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Showing 10 out of 2042 results
A physician reviews a patient's medical records with her in an exam room.
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Research Feature
Researchers are studying how to update and personalize the tools doctors use to predict a patient’s chance of developing cardiovascular disease The annual physical exam is often a routine event for many people. A primary care doctor looks at, among many things, their patient’s blood pressure, cholesterol, and body weight, to help glean the health...
A woman runs after a young child as they laugh playing outside.
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NHLBI in the Press
Adults were 30-40% less likely to experience a stroke if they scored higher on “Life’s Simple 7,” measures of heart-healthy living. The study also found that adults who experienced a stroke but had fewer cardiovascular risks experienced the event 5-6 years later.
A physician talks to a patient in a medical setting.
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News Release
Findings support personalized public health interventions to help close gaps Research supported by the National Institutes of Health shows that cardiovascular-related deaths have declined over the past two decades, but disparities remain. Researchers found that inequities are mostly driven by differences in race and ethnicity, geographic location...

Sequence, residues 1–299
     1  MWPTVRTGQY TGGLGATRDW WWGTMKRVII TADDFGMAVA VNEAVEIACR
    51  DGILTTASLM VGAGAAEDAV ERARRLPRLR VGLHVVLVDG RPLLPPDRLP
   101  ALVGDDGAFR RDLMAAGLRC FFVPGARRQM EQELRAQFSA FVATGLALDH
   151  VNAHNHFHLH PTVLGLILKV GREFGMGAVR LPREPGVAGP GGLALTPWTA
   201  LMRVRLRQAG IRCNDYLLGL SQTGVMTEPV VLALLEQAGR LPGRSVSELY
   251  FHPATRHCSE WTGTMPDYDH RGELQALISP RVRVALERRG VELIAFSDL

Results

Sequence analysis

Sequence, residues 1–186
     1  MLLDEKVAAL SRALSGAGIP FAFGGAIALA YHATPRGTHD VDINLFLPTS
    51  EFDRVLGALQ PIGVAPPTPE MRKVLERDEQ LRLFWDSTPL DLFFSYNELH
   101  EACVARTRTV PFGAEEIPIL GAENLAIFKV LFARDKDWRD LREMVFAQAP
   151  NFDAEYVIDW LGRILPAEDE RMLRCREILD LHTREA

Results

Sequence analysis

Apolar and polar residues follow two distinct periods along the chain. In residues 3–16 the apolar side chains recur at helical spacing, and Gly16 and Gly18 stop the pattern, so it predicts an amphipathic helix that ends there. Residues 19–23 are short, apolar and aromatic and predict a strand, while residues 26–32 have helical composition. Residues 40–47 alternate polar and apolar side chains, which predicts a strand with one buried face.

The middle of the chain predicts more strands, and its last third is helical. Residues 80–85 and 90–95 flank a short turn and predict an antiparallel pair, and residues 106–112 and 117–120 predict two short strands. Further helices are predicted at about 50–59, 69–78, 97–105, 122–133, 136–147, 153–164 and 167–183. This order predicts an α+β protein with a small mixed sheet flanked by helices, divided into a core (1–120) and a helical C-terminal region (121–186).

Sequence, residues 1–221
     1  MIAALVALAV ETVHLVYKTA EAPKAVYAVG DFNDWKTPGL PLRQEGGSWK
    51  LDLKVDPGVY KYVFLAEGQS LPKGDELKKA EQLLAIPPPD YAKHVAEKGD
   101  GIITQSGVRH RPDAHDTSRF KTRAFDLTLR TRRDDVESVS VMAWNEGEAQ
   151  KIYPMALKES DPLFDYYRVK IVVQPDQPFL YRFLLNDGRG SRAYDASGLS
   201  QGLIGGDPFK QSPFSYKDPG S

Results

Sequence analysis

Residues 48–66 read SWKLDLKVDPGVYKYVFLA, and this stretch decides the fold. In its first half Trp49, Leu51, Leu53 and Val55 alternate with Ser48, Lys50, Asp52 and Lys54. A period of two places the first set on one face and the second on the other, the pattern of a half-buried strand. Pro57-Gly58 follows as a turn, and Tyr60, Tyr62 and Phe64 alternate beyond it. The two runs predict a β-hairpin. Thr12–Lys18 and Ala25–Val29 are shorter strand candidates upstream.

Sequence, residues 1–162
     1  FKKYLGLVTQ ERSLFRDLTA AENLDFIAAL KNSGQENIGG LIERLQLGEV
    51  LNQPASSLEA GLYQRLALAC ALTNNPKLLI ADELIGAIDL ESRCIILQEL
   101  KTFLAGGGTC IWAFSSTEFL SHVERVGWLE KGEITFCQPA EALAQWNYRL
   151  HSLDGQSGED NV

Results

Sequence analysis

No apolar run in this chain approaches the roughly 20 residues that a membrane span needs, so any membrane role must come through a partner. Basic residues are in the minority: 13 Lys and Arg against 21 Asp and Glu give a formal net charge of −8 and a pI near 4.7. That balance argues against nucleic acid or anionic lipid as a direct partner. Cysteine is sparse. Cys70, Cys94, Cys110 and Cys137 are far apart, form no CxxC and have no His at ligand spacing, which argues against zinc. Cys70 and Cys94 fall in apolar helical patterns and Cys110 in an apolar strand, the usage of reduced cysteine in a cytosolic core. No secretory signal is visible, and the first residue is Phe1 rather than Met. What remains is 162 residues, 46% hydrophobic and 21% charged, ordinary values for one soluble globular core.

A woman smiles as she walks through a neighborhood
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NHLBI in the Press
Postmenopausal women who were more optimistic lived about four years longer than peers who were least optimistic, according to research from the Women’s Health Initiative.
This microscopic view shows image of salivary gland acinar epithelial cells infected with rotavirus, a type of enteric virus, in a mouse.
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News Release
A class of viruses known to cause severe diarrheal diseases – including the one famous for widespread outbreaks on cruise ships – can grow in the salivary glands of mice and spread through their saliva, scientists at the National Institutes of Health have discovered. The findings show that a new route of transmission exists for these common viruses...
Sickle cell anemia disease (SCD) blood cells 3D illustration
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Research Feature
Activating a protein in red blood cells may improve anemia and alleviate acute episodes of severe pain for people living with sickle cell disease Swee Lay Thein, M.B., D.Sc., a senior investigator and chief of NHLBI’s Sickle Cell Branch, shares insight into a decade-long research journey that may lead to new ways to help people living with sickle...
Researchers created a concept for a dissolvable pacemaker that uses wireless technology for temporary heart rhythm control.
Credit: Northwestern University/George Washington Universi...
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NHLBI in the Press
To provide patients with a noninvasive solution for temporary cardiac support, researchers created a prototype for a tiny pacemaker that can dissolve after a few days or several weeks. The model weighs less than half a gram and contains no wires, leads, or batteries.